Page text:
The first step is to sit in a comfortable yet balanced position, with a straight but not overly stiff back. The objective is therefore to enable oneself to rest both physically and psychologically. One should also make sure that one's neck is properly aligned, neither too upright nor too slouched. Finally, one should arrange one's seat in such a way that it allows easy movement of the legs without hindering meditation practice.
When sitting in this way, one should try to keep the head level, neither too high nor too low. If needed, one can use a small cushion to raise the head slightly away from the ground. It is important not to hold one's breath during meditation as this would be contrary to the purpose of practicing mindfulness. Breathing in an even manner is enough; there is no need to count each time one breathes in or out.
Buddhist monks and nuns usually sit on chairs rather than traditional temple seats because their activities involve much walking about the monastery or convent. However, when sitting for long periods of time, such as during retreats, they will often use a full-length chair with arms and a footrest.
In general, people learn how to sit correctly after several days of regular meditation practice.
How to Go About It
Sit in your chair with your back straight and your feet flat on the floor to get into the proper meditative position. With your knees, they should make a 90-degree angle. You may need to move to the chair's edge. Sit up straight and align your head and neck with your spine. Close your eyes. Breathe slowly and deeply while focusing on your breath. Notice each breath you take. If thoughts or memories come into your mind, don't follow them too closely or let them distract you from your breathing. When you are ready, open your eyes.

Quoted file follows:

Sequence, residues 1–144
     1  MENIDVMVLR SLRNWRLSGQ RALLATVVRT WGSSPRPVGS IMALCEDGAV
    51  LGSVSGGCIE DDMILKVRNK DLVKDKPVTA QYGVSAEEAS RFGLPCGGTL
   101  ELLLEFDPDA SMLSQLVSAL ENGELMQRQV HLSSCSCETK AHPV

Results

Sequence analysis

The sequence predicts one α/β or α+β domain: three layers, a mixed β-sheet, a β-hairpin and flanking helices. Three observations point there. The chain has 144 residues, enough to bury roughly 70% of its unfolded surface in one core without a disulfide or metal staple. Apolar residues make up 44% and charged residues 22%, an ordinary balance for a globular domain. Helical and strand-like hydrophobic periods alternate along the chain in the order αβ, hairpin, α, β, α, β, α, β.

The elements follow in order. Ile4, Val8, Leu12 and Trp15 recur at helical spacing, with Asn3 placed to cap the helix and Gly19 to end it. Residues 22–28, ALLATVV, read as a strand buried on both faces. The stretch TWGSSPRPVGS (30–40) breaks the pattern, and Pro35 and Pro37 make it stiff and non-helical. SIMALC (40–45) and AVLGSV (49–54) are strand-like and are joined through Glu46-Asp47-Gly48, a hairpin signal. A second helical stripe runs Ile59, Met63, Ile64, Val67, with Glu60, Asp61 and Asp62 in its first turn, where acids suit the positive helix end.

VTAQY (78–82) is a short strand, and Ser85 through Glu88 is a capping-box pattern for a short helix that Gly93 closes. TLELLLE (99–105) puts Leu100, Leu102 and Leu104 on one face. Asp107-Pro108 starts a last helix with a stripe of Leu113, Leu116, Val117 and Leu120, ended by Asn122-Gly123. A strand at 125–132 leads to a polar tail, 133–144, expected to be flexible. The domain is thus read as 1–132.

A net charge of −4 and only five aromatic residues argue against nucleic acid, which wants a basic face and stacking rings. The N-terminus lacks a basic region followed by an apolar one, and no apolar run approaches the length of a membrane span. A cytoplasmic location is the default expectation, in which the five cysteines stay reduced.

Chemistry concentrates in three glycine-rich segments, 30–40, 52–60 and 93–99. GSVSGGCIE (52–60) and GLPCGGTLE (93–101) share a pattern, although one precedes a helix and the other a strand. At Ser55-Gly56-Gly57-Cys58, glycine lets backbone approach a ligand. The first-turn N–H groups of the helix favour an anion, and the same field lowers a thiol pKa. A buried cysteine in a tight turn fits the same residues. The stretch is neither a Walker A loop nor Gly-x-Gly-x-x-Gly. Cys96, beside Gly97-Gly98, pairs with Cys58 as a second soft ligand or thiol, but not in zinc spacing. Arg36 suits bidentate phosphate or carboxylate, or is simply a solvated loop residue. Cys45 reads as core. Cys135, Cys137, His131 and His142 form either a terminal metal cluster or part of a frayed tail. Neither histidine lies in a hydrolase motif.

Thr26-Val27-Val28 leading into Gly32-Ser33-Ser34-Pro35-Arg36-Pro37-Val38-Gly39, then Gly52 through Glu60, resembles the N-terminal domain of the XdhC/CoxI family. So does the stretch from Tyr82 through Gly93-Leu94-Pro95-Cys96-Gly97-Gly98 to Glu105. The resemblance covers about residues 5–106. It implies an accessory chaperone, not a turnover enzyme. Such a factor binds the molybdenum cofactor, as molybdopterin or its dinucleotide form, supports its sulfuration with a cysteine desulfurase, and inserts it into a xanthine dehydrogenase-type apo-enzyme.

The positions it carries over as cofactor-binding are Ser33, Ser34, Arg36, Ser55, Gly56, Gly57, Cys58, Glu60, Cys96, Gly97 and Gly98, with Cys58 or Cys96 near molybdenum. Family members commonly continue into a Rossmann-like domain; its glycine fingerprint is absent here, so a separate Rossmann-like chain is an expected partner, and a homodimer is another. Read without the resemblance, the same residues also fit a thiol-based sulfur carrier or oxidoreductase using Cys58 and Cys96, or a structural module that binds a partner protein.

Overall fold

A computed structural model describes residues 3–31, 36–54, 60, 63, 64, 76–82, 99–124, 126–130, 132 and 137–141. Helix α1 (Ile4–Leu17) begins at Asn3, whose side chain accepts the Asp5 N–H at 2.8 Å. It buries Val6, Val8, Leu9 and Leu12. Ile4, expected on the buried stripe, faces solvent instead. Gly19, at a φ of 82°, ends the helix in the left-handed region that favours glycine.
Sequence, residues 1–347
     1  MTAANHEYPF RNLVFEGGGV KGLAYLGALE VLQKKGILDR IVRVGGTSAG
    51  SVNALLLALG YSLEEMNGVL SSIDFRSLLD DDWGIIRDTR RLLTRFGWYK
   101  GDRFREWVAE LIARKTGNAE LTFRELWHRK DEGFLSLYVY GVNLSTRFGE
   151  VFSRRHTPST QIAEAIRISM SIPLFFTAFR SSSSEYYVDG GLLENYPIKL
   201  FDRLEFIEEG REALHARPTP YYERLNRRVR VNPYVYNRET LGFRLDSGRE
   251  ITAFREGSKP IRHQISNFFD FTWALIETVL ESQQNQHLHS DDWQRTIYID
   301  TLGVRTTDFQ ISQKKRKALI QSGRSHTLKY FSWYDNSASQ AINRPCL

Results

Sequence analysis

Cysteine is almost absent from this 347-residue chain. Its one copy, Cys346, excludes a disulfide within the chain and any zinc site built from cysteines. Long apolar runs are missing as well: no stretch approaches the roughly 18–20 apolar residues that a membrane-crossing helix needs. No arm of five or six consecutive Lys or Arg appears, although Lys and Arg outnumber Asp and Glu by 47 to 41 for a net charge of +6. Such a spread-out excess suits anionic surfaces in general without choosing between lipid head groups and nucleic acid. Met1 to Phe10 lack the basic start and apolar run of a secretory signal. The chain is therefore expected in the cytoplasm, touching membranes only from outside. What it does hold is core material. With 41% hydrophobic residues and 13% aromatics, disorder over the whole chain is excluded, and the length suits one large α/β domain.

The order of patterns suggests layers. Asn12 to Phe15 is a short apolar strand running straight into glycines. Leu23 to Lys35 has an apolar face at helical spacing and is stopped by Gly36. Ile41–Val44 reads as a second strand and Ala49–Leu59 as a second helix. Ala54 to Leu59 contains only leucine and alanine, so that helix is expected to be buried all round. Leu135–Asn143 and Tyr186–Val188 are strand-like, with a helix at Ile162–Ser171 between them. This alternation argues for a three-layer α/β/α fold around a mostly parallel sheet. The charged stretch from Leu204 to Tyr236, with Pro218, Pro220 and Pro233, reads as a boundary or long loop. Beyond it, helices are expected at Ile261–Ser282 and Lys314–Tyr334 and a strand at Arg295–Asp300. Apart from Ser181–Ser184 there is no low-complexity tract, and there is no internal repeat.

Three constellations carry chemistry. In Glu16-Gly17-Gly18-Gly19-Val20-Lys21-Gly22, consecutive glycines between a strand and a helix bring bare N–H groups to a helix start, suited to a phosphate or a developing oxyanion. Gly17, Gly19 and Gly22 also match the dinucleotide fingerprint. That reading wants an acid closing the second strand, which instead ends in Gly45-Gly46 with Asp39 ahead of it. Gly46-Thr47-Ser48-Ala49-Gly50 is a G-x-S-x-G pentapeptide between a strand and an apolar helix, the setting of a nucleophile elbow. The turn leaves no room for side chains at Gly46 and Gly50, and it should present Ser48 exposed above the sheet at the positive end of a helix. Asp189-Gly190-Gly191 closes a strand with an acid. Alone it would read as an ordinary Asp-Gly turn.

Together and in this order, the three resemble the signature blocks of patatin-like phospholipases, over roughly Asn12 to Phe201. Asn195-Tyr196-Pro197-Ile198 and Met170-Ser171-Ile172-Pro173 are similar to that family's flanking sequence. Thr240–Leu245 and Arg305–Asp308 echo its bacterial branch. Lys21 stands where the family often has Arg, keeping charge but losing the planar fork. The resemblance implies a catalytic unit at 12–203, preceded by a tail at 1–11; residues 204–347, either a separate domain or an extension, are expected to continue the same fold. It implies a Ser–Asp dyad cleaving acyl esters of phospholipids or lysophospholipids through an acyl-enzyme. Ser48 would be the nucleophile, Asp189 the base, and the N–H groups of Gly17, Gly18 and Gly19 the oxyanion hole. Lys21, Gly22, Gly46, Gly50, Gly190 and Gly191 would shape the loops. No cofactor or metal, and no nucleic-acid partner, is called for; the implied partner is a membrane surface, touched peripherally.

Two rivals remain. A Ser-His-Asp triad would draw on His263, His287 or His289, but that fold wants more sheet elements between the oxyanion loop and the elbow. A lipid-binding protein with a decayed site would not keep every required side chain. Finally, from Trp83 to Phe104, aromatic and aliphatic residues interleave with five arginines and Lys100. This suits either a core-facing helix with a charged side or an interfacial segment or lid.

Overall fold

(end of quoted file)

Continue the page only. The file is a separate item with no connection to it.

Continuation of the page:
You can also meditate by lying down. First, find a quiet place where you won't be interrupted for at least fifteen minutes. Second, lie on your bed or couch with your legs extended. Let your arms be relaxed by your sides. Third, close your eyes and breathe slowly and deeply until you feel calm. Open your eyes when you are ready.
Finally, you can meditate while standing. Start by finding a quiet place where you will not be disturbed for at least fifteen minutes. Then, stand with your feet hip-width apart. Allow your arms to hang loose by your side. Look straight ahead. Focus on your breathing and notice how your body feels supported by the earth.
These are just some examples of how you can meditate by sitting, lying down, and standing.
Sitting is the first point of posture.
"You may sit any way you like," Alan Watts says of meditation. You may sit on a chair, as I'm sitting here, which is the Japanese style of sitting, or you can sit in the lotus posture, which is simpler to perform, or you can just sit cross-legged on a raised cushion over the floor. The important thing is not so much what position you take as how you use your time while sitting.
Meditation means to think about something carefully and intently. So if you want to meditate on Alan Watts, you should think about what he said about meditation first of all, and then go beyond that into more deep thoughts about life, reality, and humanity's place in it.
Secondly, you should set yourself some time every day when you won't be disturbed for at least half an hour. That is really all there is to it. You can read books or articles about meditation, try out different techniques, but in the end, it's all about finding the right balance between being aware and being free from thought.
Finally, remember that the goal of meditation is not to reach some kind of perfect state of mind, but rather to gain some control over your own thinking process. This means that while you're learning how to meditate, you'll probably make many mistakes along the way, but keep trying new things until you find something that works for you.